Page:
Bensonhurst Couple Fights To Keep Home For Autistic Son

John Cosentino and his mother. (Source: Anthony Cosentino via Brooklyn Eagle)
John Cosentino and his mother. (Source: Anthony Cosentino via Brooklyn Eagle)

A Bensonhurst couple is fighting to save the last-resort home of their severely autistic son, who lives in one of the state’s few remaining housing facilities for the developmentally disabled that is now slated for closure.

Anthony and Mary Ann Cosentino are pleading with the state to reverse a plan that would shutter the Brooklyn Development Center in East New York, which has been their son’s home for the last 35 years.

Home Reporter reports:

[Their son] John, diagnosed with severe autism at the age of three, requires constant supervision and first came to BDC at age 14 with acute behavioral problems including aggression, pica (the eating of inedible items) and self-injury. BDC’s 24-hour patient-care and college campus-sized site, his parents said, was perfect for him.
“Many residents like John have severe behavioral problems through no fault of their own,” his father told this paper, adding that BDC, established in 1973 to replace the infamous Willowbrook, was the only facility willing to accept John, also blind in his left eye. “He’s used to a routine and he’s used to the same staff. Many of them have been with him for over 20 years.”

The state’s Office for People with Developmental Disabilities announced last July that they would be shutting down the center in December 2015, one of four centers to be axed.

New York has been shutting down such large-scale institutions since closing Willowbrook in 1987, a Staten Island institution that sparked public outcry for its squalid conditions and abusive practices. In the years since, the prevailing sentiment for special needs care is that better service can be provided in smaller setting and more personalized care. The latest closures are hailed in the state’s press release by disability advocates and some family members.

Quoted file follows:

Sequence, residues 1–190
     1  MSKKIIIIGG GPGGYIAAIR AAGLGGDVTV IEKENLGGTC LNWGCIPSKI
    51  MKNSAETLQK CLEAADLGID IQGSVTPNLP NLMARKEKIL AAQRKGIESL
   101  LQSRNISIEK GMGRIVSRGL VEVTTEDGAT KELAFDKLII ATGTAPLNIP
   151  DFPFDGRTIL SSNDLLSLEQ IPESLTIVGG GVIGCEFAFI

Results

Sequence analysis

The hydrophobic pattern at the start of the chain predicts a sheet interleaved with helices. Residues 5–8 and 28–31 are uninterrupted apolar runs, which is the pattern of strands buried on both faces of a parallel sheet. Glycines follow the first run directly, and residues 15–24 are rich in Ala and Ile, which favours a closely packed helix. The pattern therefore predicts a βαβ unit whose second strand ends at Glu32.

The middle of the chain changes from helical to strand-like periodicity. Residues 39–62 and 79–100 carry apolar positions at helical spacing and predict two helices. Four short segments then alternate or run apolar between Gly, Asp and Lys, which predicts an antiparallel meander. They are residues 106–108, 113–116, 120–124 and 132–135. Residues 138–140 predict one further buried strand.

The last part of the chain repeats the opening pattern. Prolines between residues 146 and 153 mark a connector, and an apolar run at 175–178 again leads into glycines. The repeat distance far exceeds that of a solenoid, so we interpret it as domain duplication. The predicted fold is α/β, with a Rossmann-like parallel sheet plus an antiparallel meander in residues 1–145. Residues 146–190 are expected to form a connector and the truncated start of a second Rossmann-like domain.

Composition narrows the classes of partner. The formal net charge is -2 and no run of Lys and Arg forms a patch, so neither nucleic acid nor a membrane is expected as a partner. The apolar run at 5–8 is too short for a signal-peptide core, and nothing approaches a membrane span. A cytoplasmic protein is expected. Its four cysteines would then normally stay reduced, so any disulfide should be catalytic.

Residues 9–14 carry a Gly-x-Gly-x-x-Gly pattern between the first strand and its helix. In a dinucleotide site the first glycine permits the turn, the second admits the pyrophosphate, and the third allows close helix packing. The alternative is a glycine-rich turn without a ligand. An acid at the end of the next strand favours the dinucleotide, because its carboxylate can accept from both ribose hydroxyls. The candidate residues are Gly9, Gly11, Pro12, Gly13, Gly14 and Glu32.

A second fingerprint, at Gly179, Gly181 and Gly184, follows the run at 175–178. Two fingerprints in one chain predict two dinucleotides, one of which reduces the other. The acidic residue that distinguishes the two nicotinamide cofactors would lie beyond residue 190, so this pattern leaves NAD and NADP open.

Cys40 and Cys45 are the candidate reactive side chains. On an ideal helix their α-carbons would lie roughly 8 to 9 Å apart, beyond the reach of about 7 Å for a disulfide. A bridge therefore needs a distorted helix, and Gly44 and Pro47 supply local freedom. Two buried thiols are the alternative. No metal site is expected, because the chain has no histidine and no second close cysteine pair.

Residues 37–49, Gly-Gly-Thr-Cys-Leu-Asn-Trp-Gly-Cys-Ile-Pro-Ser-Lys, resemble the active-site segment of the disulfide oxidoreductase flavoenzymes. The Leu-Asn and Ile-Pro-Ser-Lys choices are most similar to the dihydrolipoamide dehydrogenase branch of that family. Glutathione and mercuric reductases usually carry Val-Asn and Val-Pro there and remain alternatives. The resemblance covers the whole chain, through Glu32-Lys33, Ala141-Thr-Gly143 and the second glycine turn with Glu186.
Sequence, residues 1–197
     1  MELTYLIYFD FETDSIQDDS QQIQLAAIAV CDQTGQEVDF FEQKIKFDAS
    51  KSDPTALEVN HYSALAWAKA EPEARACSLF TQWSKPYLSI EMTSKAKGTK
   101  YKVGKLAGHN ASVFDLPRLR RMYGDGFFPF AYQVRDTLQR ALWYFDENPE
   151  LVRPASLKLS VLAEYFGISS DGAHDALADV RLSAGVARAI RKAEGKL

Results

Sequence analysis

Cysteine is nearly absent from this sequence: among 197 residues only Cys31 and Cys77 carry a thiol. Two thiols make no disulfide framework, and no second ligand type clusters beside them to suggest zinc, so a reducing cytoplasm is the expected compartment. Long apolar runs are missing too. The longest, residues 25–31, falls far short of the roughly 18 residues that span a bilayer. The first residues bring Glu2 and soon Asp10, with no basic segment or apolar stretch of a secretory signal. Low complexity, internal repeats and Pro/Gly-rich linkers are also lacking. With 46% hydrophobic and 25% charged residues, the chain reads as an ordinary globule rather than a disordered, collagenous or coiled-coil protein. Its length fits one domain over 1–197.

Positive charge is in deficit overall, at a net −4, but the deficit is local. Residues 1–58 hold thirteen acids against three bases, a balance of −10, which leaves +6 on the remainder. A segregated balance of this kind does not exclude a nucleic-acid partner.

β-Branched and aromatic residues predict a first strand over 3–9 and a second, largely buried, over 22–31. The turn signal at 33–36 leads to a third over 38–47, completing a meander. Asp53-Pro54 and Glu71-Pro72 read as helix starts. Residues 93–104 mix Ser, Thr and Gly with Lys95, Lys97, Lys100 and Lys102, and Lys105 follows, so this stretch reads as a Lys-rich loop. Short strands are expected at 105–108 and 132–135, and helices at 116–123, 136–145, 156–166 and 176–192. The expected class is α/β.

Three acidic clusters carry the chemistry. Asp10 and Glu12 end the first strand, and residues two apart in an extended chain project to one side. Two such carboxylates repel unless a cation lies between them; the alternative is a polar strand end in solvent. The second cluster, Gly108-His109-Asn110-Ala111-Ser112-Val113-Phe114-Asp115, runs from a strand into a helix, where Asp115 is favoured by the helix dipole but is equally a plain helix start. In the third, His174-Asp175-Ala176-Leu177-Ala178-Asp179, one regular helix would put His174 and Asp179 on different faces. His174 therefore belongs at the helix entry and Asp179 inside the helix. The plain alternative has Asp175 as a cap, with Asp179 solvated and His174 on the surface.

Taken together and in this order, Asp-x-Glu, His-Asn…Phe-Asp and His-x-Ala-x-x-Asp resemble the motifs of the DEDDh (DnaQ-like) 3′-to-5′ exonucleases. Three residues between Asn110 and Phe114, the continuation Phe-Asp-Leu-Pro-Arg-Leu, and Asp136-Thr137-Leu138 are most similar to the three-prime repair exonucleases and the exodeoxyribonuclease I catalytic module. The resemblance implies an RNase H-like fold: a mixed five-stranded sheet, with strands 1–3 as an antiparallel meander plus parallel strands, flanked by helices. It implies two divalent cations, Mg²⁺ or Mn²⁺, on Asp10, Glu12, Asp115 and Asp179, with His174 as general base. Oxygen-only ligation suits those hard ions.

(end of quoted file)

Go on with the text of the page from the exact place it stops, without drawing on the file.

But for the Cosentinos, the institution was an effective provider that met their son’s extreme needs. It will likely mean a change in those caregivers he’s had for so many years, but also a change in setting that could stress and upset their son.

In a Brooklyn Eagle article, Consentino rattled off the benefits of the current program, and the drawbacks of the group homes their son will eventually be pushed into.

“I’m worried about my son’s safety if we have to move him. BDC is a good setting for him. They do a good job of taking care of him there. BDC has nursing 24/7. He gets one-to-one coverage. It’s a nice atmosphere, too. It looks like a college campus,” Cosentino told the Brooklyn Eagle.
… “It looks like the state wants to get out of the business of taking care of the developmentally disabled. This has hurt me to the core,” Cosentino told the Eagle. “These small group homes sound nice, but they don’t have the staffing and they don’t have people trained to take care of someone with severe problems. What are they going to do if a resident gets up in the middle of the night and starts banging his head against the wall?”

The state agency that oversees such programs said the closure is the right move for most residents:

“OPWDD believes that the majority of individuals can live in the community with the right services and supports. Individuals who continue to need more intensive treatment will receive necessary services in the setting most appropriate for them, with the goal of fully integrated community supports when it is clinically appropriate,” the statement reads.

The Consentinos have launched a petition in hopes of convincing the state to keep the facility open.


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